"This affirmative decision has not only resulted in poor calls, missed calls and bad game management, but the combination of those deficiencies will only continue to jeopardize player health and safety and the integrity of the game that has taken decades to build," the union wrote.

It's also affecting gamblers. Betters lost an estimated $150 million on the call, gambling expert R.J. Bell said on the gaming website Pregame.com.

Bell also writes that home crowds seem to be influencing officials and that scoring is up from Las Vegas expectations.

The outcry for a resolution appeared to be growing after the Monday night game.

On Tuesday, the website FootballZebras.com, which tracks officiating in the NFL, said the Monday night call was "beyond the tipping point, this is the drowning point."

New Jersey Senate President Steve Sweeney got into the game on Tuesday, saying he would introduce legislation against holding sporting events officiated by replacement referees.

"This past weekend in the NFL has not only made a mockery of a great sport, but shined a very bright light on how important fully trained and professional officiating is to player safety," Sweeney said in a statement released by his office Tuesday morning. "We wouldn't allow a factory or construction site to operate without fully trained supervisors on hand to ensure the safety of employees. Why should we do anything differently when the job site is a playing field?"

Discussion of the game also accounted for at least four of the top 10 topics on Twitter in the United States, where everyday fans and celebrities appeared united in their frustration. Even President Obama weighed in on the issue.

Does this ruin football for you? Share your commentary with CNN iReport.

Stephen A. Smith, never one to keep his opinion close to the vest, let it fly on Twitter throughout the end of the game.

According to Sports Illustrated's Peter King, the two sides in the labor dispute are about $3.3 million apart.

Here's a look at some more of the reaction on Twitter:

That last one might not be an official account.

Regarding the NFL's labor dispute with its regular officials, sticking points include salary issues and changes to the officials' retirement program.

What do you think of the final play, of the game or of the replacement officials?

Click here for the best photos from Week 3 of the NFL season.

soundoff (2,120 Responses)
  1. Ed

    when the ref made the touchdown call, they both had their hands on the ball. i actually thought it was the right call, and i was routing for the packers... i took more exception to the phantom pass interference calls throughout the game...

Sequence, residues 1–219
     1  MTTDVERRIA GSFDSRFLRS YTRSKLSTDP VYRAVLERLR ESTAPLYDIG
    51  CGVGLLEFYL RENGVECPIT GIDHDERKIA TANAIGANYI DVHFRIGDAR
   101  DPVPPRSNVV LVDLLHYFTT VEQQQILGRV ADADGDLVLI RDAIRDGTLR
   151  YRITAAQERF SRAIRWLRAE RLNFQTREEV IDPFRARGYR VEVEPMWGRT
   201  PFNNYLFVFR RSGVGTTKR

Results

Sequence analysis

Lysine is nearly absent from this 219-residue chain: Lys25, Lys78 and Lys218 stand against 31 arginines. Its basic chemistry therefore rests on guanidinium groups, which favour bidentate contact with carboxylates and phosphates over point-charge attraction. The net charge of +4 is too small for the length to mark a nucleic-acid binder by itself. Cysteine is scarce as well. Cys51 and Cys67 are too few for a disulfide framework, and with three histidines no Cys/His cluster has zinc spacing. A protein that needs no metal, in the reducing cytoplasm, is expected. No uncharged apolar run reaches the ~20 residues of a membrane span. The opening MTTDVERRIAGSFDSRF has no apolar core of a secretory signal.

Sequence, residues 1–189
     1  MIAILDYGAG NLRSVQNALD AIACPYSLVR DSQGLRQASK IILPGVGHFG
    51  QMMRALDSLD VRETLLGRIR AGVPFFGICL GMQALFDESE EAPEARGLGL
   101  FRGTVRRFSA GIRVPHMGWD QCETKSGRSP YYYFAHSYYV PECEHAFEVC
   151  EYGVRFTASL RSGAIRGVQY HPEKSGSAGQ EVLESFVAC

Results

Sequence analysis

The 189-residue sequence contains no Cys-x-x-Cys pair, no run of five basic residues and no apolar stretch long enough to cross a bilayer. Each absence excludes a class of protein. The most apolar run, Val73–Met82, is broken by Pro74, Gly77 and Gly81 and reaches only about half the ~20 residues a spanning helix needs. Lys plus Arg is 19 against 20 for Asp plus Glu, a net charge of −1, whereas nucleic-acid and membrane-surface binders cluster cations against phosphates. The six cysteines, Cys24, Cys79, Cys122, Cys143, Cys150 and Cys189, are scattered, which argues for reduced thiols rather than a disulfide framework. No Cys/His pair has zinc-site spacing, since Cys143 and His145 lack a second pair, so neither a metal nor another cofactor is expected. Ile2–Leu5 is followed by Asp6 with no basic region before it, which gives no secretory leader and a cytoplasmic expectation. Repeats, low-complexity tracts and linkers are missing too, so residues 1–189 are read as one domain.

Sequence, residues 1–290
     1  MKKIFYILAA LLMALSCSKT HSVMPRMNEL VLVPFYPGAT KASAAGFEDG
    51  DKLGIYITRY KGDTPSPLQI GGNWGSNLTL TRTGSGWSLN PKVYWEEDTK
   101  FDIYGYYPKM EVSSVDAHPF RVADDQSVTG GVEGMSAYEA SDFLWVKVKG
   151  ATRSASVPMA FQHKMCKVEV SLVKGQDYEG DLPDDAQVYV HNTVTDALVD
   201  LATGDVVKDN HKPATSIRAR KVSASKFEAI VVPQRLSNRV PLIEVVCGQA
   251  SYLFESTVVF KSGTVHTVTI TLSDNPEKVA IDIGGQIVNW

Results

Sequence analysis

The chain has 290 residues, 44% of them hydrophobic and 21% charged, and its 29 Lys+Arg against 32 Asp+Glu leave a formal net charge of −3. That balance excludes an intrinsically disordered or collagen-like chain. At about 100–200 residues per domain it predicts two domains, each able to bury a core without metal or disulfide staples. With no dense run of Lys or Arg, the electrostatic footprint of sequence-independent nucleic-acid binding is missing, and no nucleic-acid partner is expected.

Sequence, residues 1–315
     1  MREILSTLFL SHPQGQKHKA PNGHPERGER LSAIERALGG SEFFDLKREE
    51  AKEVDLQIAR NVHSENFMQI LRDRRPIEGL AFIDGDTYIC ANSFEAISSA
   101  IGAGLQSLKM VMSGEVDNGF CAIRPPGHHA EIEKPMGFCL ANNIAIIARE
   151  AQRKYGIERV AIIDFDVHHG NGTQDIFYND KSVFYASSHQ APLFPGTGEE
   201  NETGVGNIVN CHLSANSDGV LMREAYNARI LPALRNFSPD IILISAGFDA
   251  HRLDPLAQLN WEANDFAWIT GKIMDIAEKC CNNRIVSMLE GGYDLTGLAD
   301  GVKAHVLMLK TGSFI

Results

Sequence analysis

September 25, 2012 at 6:25 pm | Report abuse |
  2. dennis

    Jokes over, bring back the real game.

    September 25, 2012 at 6:27 pm | Report abuse |
  3. DavidW0909

    I don't really blame the real refs, the NFL wants them to be full-time but not pay them much but many of these guys are very successful and don't want to give up their jobs. The NFL needs to pony up, they can't cry poor on me. The MLB and NBA refs get paid very well and so should these refs. The Division 2 Refs just aren't capable of keeping up with the pace and rules of the NFL. This lock-out needs to end really quick or someone needs to start the process of firing Goodell period.

    September 25, 2012 at 6:27 pm | Report abuse |
  4. daveinla

    Two U.S. Marines died in Afghanistan this week. Does a football game really matter? The NFL? Over paid crybaby ego trips. I don't mind college ball, but pro's have made me sick now for years. I stopped supporting these people years ago.

    September 25, 2012 at 6:30 pm | Report abuse |
    • Drew

      Then why take the time to read an article and post a comment. If you hate the game, don't read about it, don't post about it. Go away.

      September 25, 2012 at 6:40 pm | Report abuse |
  5. Hadenuffyet

    Professional sports players are overpaid to "play games". But I guess that goes for all "entertainment" personnel.

    September 25, 2012 at 6:30 pm | Report abuse |
    • Drew

      And you reading an article about them, even if you don't watch the games, is one of the many reasons sports players get paid so much. Don't interact with pro sports if you don't like how much they get paid. You're just supporting them. I love the game, no matter how much the players get paid. The refs on the other hand.... They get paid enough, and need to stop crying about salary.

      September 25, 2012 at 6:43 pm | Report abuse |
  6. Bengyboy

    Obviously the ref's blew it, but having full time referee's never guarantees the right call....I recall the regular ref's blowing a coin toss (which caused the Steelers to lose); the New England/Raiders 'tuck rule' and there are probably many other, probaly not as profound calls that have haunted both regular/replacement refs. Life goes on.